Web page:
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Journal of Porous Media
インパクトファクター: 1.49 5年インパクトファクター: 1.159 SJR: 0.43 SNIP: 0.671 CiteScore™: 1.58

ISSN 印刷: 1091-028X
ISSN オンライン: 1934-0508

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Journal of Porous Media

DOI: 10.1615/JPorMedia.2019028940
pages 279-298

DEVELOPMENT OF SCALING CRITERIA FOR WATERFLOODING AND IMMISCIBLE CO2 FLOODING IN TIGHT FORMATIONS

Deyue Zhou
Petroleum Systems Engineering, Faculty of Engineering and Applied Science, University of Regina, Regina, Saskatchewan, Canada, S4S 0A2
Daoyong Yang
Petroleum Systems Engineering, Faculty of Engineering and Applied Science, University of Regina, Regina, Saskatchewan, Canada, S4S 0A2
Xiaoyan Meng
Petroleum Systems Engineering, Faculty of Engineering and Applied Science, University of Regina, Regina, Saskatchewan, Canada, S4S 0A2

要約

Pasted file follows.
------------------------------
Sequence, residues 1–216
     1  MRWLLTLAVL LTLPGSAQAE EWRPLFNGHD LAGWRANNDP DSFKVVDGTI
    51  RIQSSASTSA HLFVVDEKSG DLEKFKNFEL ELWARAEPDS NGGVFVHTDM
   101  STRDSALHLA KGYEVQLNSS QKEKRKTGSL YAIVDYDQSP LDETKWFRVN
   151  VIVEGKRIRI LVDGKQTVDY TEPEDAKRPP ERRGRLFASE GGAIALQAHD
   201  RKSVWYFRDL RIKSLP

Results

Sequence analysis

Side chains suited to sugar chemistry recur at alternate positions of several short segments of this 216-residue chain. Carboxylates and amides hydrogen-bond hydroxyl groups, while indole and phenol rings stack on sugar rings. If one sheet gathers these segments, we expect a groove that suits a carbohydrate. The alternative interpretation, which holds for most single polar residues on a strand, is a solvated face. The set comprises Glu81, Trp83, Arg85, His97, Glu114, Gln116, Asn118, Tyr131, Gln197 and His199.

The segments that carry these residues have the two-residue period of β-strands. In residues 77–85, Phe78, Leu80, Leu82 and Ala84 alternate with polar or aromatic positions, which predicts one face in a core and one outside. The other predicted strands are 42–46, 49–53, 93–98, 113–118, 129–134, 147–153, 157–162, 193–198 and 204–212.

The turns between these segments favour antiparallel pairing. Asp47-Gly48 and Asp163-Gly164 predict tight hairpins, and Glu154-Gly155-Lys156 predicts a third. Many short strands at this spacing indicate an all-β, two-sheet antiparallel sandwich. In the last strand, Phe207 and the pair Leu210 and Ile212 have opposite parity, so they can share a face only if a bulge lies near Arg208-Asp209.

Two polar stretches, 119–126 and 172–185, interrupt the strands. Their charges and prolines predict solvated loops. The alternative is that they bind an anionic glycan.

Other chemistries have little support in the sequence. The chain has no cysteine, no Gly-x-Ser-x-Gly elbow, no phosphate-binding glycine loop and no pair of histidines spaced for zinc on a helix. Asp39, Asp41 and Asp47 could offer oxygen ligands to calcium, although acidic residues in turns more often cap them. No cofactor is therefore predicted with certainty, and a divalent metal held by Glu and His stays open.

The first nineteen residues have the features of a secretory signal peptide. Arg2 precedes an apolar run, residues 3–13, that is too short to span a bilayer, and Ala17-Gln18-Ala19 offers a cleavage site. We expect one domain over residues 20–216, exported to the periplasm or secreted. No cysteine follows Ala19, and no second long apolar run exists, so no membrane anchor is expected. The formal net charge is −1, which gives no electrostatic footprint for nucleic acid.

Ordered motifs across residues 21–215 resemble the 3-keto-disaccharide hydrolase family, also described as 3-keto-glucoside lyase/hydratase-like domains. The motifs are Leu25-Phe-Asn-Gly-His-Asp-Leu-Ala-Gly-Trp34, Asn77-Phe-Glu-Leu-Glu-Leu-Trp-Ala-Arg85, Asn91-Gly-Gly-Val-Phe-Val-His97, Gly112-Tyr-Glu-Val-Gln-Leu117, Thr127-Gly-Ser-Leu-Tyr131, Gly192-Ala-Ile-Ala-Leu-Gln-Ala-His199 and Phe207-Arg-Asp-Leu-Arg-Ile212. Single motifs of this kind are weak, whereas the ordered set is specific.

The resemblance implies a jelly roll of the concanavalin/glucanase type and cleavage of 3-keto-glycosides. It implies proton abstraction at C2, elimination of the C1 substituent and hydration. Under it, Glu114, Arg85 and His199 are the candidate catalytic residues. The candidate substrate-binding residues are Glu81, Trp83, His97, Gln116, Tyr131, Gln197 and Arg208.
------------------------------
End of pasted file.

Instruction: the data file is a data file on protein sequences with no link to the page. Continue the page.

Experimental studies on secondary and tertiary recovery processes in tight oil formations require a set of scaling criteria to scale them up to field dimension for either optimizing field production or designing displacement experiments. In this study, scaling criteria have been developed and validated to evaluate performance of waterflooding and immiscible CO2 flooding in tight formations by performing three-dimensional (3D) sandpacked displacements. Experimentally, waterflooding and immiscible CO2 flooding processes have been conducted with the 3D physical model, respectively. Continuous CO2 flooding results in a relatively low oil recovery with 33.8% of original-oil-in-place after 1.20 pore volume of CO2 injection. Theoretically, mathematical formulas have been developed for the corresponding processes on the basis of dimensional and inspectional analyses. Mass transfer from CO2 to oil by dissolution and diffusion has been considered in the inspectional analysis; for relaxation of the scaling criteria, gravitational force, viscous force, and dispersion and diffusion have been considered critical factors. The moderate water and CO2 injection rates (i.e., 2.0 cm3/min and 200.0 cm3/min for water and CO2, respectively) are ensured to result in a transverse diffusion-dominated flow, further simplifying the scaling group. The relaxed scaling group has been subsequently validated with the experimental measurements. Capillary force and geometric factors are found to be negligible when scaling up the 3D physical model to the prototype. There exists a reasonably good agreement between laboratory measurements and simulation results of a field production. By using the validated scaling criteria, displacement experiments in the 3D physical model can be properly designed to simulate waterflooding and immiscible CO2 injection in a targeted tight formation so as to design and optimize the field-scale exploitation processes.